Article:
- Various federal Dalkon Shield cases were transferred to the Northern District of California. By the end of 1979, thousands of cases were pending nationwide. The District Court in California tried what at that time was a novel approach: After realizing that each Dalkon Shield case would take at least a week to try and realizing the potentially huge exposure (estimated to be well over Robins’ net worth because of the claims for punitive damages), the court certified a nationwide class under Rule 23(b)(1) of the Federal Rules of Civil Procedure on the issue of punitive damages, and a California class under Rule 23(b)(3) of the Federal Rules of Civil Procedure on the issues of liability and compensatory damages.
- Southern District of New York filed a securities class action which was settled for $6.9 million. Robins’ allegedly misrepresented and failed to disclose other information about the Dalkon Shield financial statements. Meanwhile, the number of lawsuits against Robins continued to increase. Although Robins won many jury verdicts in early cases, plaintiffs started to win, and win big.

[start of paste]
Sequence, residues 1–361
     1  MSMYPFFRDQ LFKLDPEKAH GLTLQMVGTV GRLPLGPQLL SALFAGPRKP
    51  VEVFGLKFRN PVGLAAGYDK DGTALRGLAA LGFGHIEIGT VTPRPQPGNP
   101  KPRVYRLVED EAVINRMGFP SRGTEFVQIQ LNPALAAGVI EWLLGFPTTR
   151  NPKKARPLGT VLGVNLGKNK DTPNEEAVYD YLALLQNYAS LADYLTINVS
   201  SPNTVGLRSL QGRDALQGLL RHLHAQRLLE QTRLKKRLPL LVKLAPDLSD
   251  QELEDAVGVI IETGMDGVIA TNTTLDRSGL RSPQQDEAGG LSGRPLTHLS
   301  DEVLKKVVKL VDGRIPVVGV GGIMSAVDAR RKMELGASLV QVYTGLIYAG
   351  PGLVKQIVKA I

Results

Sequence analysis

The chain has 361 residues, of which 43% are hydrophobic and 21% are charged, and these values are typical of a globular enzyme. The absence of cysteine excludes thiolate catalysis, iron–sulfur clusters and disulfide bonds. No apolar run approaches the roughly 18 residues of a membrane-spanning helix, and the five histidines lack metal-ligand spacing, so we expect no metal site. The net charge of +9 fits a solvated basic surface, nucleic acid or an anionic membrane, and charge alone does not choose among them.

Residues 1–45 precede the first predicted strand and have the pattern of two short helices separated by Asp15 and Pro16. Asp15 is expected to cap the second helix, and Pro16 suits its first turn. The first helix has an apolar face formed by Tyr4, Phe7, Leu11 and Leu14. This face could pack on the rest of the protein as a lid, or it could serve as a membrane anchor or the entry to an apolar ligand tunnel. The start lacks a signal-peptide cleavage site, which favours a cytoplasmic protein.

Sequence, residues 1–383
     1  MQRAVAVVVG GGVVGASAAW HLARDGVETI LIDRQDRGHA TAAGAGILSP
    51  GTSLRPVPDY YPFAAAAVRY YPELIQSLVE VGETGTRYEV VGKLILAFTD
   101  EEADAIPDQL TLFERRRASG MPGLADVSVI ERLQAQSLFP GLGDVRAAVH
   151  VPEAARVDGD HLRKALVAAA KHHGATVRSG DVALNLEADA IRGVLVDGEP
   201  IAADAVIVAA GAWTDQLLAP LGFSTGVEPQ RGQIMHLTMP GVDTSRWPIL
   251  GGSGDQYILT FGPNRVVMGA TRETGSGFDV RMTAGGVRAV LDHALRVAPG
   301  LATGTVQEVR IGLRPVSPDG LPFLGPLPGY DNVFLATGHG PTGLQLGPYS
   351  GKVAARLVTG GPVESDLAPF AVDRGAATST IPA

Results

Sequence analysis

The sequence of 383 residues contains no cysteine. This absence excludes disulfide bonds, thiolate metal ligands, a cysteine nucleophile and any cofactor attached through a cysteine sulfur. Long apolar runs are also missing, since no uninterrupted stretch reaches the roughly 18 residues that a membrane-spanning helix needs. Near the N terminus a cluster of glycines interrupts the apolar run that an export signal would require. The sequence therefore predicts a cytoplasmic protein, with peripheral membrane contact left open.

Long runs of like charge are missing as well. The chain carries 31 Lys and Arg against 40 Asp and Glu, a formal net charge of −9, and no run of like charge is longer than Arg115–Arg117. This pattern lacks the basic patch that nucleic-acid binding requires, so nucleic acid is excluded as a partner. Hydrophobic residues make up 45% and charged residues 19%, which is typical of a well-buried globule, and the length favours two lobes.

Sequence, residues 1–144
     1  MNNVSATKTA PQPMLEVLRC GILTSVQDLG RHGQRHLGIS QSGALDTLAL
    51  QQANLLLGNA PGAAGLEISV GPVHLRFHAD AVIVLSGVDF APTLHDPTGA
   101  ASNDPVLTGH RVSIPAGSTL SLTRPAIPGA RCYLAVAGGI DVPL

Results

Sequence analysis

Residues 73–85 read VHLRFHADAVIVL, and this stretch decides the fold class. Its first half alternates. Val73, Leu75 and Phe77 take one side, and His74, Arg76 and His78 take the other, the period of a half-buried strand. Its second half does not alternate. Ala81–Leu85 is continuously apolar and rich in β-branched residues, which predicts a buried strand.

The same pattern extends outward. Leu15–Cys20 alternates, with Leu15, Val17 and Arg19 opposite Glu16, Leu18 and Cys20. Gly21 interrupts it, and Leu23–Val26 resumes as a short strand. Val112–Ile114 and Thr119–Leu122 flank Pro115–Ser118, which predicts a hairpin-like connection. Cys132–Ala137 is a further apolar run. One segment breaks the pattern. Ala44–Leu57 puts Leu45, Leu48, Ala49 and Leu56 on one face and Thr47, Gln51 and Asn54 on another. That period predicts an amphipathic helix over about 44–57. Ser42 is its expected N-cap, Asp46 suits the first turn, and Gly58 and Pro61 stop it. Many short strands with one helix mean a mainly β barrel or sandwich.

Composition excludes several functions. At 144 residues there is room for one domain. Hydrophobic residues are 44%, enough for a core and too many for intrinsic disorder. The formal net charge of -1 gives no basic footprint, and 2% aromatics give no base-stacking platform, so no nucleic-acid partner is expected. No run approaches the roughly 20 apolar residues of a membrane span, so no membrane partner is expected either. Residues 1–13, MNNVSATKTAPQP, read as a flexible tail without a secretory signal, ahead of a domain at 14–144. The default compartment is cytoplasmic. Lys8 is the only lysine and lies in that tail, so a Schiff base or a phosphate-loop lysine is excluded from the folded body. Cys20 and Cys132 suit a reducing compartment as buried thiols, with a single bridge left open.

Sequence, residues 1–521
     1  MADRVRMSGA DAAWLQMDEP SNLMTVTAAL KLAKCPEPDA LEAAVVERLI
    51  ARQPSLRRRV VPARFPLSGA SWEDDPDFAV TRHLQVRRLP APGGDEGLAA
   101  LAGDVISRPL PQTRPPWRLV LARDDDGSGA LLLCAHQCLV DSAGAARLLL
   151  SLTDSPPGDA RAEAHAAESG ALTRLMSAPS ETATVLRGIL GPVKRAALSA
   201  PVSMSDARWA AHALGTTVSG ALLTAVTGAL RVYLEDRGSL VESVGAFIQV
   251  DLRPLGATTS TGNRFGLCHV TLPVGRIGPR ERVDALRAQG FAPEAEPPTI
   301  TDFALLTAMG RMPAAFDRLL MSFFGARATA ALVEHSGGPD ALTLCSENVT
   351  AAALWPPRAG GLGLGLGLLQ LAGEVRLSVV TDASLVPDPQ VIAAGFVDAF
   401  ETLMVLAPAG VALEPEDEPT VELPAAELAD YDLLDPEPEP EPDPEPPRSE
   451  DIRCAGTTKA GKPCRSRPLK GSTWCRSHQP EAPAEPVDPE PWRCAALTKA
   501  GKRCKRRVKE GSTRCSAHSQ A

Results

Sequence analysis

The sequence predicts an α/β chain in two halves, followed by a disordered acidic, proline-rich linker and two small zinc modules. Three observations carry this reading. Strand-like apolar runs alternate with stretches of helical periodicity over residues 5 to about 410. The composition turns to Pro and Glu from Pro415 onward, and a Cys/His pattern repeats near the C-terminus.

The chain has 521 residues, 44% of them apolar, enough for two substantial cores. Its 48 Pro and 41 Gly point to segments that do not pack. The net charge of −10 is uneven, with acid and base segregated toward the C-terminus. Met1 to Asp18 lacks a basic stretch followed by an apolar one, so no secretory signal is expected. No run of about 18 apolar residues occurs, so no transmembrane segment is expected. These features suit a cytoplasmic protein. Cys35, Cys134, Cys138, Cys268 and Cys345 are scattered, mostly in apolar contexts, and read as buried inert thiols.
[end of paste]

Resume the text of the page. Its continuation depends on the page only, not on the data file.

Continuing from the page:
- In May 1985, a jury in the Tetuan case in Kansas awarded monetary damages of $1.75 million and $7.5 million. Although Robins and Aetna, its insurer, had disposed of 9,500 suits and had paid out approximately $530 million, some 6,000 cases were still pending.”
- In the case of Agent Orange Product Liability Litigation, a class action which charged US Government and chemical industries due to deaths and horrifying injuries to many Vietnam veterans who came in contact with chemicals used in war and severe birth defects of children of such veterans who were exposed to such toxic contamination. A conclusive settlement was eventually agreed upon. Key points of this case stated below:
- Whether the case against the industry should be settled or not? Since the judiciary found it difficult to divide compensation amongst the claimants,
- Countrywide hearing of victims and witnesses done, thereby providing an opportunity to be heard to such variant class of people so affected,
- Uncertainties and legal obstacles faced by both the Court and the injured parties,
- Finally consolidating all the delayed litigations and approving settlement,